Penn Medicine uses the MELD scoring system to prioritize liver transplant cases. However, other considerations are taken into account such as severe symptoms that are affecting quality of life and other factors not reflected in the MELD score.
Who Can Receive a Liver from a Live Donor?
The Model for End-Stage Liver Disease, or MELD, is a scoring system used for prioritizing allocation of liver transplants and is based on how sick the patient is, with sicker patients having priority. However, Penn recognizes that many patients have symptoms that severely impact their quality of life, yet are not reflected in their MELD score. Living donation offers patients the option of transplant prior to getting very sick, regardless of their MELD score.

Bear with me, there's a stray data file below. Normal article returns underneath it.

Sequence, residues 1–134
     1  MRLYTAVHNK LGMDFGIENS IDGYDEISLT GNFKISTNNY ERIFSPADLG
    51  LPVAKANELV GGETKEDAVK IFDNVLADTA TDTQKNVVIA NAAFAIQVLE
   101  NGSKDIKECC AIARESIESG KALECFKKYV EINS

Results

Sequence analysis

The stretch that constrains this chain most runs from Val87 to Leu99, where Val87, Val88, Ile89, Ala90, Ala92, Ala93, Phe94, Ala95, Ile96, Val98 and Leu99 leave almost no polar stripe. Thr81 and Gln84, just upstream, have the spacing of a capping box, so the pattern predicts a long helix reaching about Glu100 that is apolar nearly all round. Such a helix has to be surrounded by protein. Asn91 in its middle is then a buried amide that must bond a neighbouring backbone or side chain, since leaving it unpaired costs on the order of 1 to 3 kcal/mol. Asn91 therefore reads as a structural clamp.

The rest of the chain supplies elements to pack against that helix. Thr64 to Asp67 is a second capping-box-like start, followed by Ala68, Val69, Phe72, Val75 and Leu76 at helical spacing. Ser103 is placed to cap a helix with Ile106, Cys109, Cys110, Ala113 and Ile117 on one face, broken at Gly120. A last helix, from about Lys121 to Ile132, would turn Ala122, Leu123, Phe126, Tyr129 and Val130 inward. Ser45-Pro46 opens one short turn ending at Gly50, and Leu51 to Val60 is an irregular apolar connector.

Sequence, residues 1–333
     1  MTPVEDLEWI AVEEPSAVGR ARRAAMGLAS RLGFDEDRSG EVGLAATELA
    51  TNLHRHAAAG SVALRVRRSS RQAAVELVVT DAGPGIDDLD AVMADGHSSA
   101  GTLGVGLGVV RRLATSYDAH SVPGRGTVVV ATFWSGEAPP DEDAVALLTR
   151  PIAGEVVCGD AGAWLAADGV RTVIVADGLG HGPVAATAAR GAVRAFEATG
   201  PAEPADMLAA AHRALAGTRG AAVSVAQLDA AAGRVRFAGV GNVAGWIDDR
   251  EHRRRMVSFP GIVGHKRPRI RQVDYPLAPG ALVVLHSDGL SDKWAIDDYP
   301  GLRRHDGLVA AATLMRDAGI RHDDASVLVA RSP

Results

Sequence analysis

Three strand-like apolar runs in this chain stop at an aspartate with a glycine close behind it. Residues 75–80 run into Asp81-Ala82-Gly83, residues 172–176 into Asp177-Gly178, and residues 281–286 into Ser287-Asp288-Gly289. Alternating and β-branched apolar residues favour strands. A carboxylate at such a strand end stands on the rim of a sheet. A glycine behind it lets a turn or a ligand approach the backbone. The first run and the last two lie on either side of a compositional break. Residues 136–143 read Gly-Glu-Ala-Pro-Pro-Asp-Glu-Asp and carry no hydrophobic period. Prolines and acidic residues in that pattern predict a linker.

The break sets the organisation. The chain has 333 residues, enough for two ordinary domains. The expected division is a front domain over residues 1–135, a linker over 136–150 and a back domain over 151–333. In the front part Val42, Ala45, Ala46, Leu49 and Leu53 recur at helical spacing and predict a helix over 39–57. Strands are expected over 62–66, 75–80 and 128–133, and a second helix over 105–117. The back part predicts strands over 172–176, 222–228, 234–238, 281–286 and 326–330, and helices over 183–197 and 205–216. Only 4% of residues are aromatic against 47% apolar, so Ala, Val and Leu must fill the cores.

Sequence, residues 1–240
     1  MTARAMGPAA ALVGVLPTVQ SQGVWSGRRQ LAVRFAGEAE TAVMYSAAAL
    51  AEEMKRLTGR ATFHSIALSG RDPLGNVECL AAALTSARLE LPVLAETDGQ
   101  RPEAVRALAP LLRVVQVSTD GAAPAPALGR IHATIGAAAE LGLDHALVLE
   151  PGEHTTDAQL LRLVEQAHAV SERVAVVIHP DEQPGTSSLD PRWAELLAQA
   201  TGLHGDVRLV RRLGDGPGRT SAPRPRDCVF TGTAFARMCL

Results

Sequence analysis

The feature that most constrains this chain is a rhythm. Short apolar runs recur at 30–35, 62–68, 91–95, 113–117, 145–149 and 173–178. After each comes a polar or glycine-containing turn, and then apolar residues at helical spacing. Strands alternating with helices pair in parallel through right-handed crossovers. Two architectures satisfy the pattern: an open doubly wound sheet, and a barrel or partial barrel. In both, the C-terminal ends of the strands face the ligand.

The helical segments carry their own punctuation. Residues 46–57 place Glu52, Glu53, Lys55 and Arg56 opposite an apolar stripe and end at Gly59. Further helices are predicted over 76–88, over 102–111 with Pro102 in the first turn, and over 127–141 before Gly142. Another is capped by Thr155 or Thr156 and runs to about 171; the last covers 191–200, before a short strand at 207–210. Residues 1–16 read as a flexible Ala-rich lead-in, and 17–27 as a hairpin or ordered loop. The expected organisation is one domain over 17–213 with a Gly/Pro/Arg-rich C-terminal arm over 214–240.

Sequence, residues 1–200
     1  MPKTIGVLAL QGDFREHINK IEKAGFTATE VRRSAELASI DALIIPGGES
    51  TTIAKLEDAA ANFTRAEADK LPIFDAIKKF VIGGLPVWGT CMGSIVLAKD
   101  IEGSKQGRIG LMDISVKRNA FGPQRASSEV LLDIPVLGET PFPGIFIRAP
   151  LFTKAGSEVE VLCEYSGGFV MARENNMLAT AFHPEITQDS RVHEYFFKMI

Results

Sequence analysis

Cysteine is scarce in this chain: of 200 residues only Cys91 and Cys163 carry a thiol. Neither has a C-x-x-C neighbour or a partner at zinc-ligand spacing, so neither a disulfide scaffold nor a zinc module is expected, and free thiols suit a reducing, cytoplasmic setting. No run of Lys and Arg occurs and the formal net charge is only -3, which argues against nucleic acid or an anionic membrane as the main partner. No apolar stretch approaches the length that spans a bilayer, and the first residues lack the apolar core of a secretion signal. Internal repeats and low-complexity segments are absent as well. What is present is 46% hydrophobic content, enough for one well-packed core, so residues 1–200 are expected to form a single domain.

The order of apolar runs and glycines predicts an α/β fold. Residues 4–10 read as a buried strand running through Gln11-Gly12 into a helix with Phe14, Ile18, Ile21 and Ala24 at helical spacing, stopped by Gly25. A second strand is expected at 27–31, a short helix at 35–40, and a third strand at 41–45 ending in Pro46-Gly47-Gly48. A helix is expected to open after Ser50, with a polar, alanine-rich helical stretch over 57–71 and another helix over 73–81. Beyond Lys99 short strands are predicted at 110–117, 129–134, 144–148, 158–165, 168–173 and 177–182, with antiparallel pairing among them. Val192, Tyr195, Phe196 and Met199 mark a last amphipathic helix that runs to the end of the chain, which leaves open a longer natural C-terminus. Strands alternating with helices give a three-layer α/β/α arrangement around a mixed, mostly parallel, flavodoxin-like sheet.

Most patients who are candidates for liver transplantation may also be considered for adult-to-adult living donor transplantation; however, patients with certain conditions may not benefit from a liver from a live donor. For this reason, each recipient must be evaluated on a case-by-case basis.
Penn Transplant Institute's living donor program benefits recipients by:
- Being the most experienced live donor liver transplant program in the the Delaware Valley
- Significantly decreasing the time they wait for a liver
- Knowing the quality of the donor liver
- Allowing surgery to be scheduled at a time that is optimal for the recipient and convenient for the donor
- Providing better outcomes – Recent studies have shown that, in general, recipients of living donor liver transplants have better outcomes and improved organ function as compared to deceased donor transplants. 
 Ann Surg. 2005 Sep;242(3):314-23, discussion 323-5